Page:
When it comes to where you dip your tortilla chips, guacamole always hits the spot. With a base of creamy fresh avocado, an accent of salt, spice, and citrus, this cheery Mexican condiment deserves plenty of attention.
Whether you’re a purist and pair it only with chips, or you have it on hand to add extra oomph to breakfast dishes, nachos, tacos, and more, there’s much to love about guacamole.
We connected with six local chefs and guacamole enthusiasts to get their tips, tricks, and hacks for enjoying the best guacamole in Vancouver, from your home kitchen to favourite restaurants. As a delicious bonus, a couple of the pros even shared their own guacamole recipe.
A little bit of apple cider vinegar balances the acidity perfectly.
I don’t go out for guacamole, I make it at home.
With chips and a margarita!
Guacamole is best shared…a few drinks, a few friends and a few laughs always makes it taste even better! [It’s] great for every occasion because avocados are always in season.
Always leave the avocado stone/pit in your guacamole once you have made it. By doing this, the guacamole will remain green and vibrant for longer.
Sal y Limon, located in the Mount Pleasant neighbourhood. It’s always fresh and has a good amount of lime.
I like my guacamole very simple and usually eat it just with chips. Let’s be honest, chips are just a vessel to shovel the guacamole with.
I always like to add a little toasted cumin seed to my guacamole, it adds a totally different dimension to it and goes very well with lots of lime juice and fresh cilantro. See photo separately attached.
Adding any type of acidulation to the avocados always help keep the colour. Another trick I learned was to keep the pit in the avocado mix. This also helps a bit and make sure you cover the mix to prevent oxidization.
I don’t have a favourite restaurant in particular per se but at the top of my head, Tacofino and La Mezcaleria make a pretty mean guacamole.
Fresh! I can eat it with anything – chips, tacos, salads, seafood…the list goes on.
For the best results, always try to make it as fresh as possible!
Use ripe avocados! I like chunky so I don’t puree or mash my avocados to smooth.
For texture and colour, I like adding in pomegranate seeds. Make it an hour ahead so the flavours will meld well together. I like using both lemon and lime juices, plus an addition of ground cumin and coriander. Also, a hint of chipotle or chili powder brings out some smokiness.
The Mexican [on Granville]…or my kitchen at home
Guacamole is not just a condiment for tortilla chips, so I love adding guacamole on top of scrambled eggs, as a side for a grilled chicken or steak! You can’t go wrong with avocados/guacamole because it’s so versatile.
You can’t really go wrong as long as you follow a couple simple steps. Picking a ripe avocado is the most essential but not so ripe that they are brown inside. I like to pick avocados that have a uniform brownish tinge, with the stem still attached, firm but will give when squeezed slightly. Then I remove the stem and if the flesh is bright green inside then I put that one in my basket.
Sometimes if I have time, I prefer to buy a bag of unripened avocados from Mexico (you can find these in the stores year round) and allow them a day or two to ripen on the window sill. Next, there are a couple of techniques I use.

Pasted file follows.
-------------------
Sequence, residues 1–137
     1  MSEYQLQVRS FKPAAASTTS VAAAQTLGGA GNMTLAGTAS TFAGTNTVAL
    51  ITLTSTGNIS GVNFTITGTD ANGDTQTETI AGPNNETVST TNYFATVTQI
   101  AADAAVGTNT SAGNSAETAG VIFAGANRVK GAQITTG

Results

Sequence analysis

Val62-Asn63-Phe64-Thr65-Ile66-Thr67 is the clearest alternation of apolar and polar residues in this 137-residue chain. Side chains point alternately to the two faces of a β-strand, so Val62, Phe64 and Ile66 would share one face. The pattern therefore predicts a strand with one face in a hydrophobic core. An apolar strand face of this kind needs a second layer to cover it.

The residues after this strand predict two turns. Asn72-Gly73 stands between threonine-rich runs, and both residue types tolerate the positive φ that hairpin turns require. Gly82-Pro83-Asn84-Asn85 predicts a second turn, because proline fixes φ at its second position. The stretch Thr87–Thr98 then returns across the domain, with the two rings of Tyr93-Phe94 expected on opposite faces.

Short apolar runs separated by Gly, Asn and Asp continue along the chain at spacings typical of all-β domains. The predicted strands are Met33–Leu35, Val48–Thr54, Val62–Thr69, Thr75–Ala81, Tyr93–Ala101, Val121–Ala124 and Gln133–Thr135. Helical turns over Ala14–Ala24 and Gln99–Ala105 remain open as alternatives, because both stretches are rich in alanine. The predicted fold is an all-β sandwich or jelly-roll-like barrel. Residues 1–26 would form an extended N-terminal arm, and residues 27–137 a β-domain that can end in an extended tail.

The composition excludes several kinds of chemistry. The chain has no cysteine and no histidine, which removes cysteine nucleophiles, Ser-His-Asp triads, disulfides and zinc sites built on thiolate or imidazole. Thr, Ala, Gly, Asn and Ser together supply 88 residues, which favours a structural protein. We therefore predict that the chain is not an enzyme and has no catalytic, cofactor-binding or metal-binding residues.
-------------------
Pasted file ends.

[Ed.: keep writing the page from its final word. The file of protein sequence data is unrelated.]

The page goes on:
Cut the avocado in half, scoop out the flesh with a spoon, carefully remove the pit by using the heel of a French knife to impale the centre of the pit and if successful twist the knife clockwise and remove pit. Note: Never try to stab the pit with the point! Most plastic surgeons will tell you that 50 % of their patients have cut themselves trying to remove an avocado pit!
Next, you can slightly mash guacamole with a fork or a whisk, rasp in 1-2 cloves of garlic, 1 lime squeezed, salt to taste (I like to add cilantro and finely diced serrano or jalapeño chili and a pinch of cumin to mine)
Bandidas or Sal y limon
With grilled halibut and soft white corn tortillas or as an accompaniment to pasilla or ancho chili rubbed grilled chicken. Another alternative is grilled rib eye steak with chimichurri with garnish for lime. Or on top of chicken posole soup.
If you aren’t going to eat the guacamole right away, you can pour a drizzle of olive oil to keep oxygen from turning the avocado surface brown. You can also add the pit to your guacamole, as it’s supposed to keep the guacamole from browning.
This one is super easy and anyone can make it!
Place avocado in a bowl and lightly break up with a fork, add remaining ingredients and adjust seasoning.
A perfectly ripe avocado! The top should be slightly soft to the touch. Another tip is to use acid (lemons and limes are awesome) to keep it as vibrant green as possible. The last thing I would say is small and perfect knife cuts. There’s nothing worse than eating a big chunk of onion that overpowers all the other flavours in your guacamole.
Lolita’s on Davie Street was a guilty late night pleasure when I worked in the West End. Of all the places I’ve eaten guacamole, my favourite is a traditional Mexican restaurant in Omak, Washington called Rancho Chico. It’s not fine dining, but an amazing guacamole, especially paired with their margaritas.
Most of the time I love it with fresh tortilla chips dusted with lime powder (dried lime zest finely ground) and salt. Every once in a while, I’ll spread it on a nicely toasted ciabatta bun with roasted chicken, jalapeño Havarti and oven dried tomatoes.
Guacamole can be irresistible so be careful of how much you eat! Even though guacamole is made with healthily ingredients you still need to consume in moderation.
This recipe is very simple and a must try for your next fiesta because really, who doesn’t love avocados? They’re fun and versatile!
Combine all ingredients. Stir well.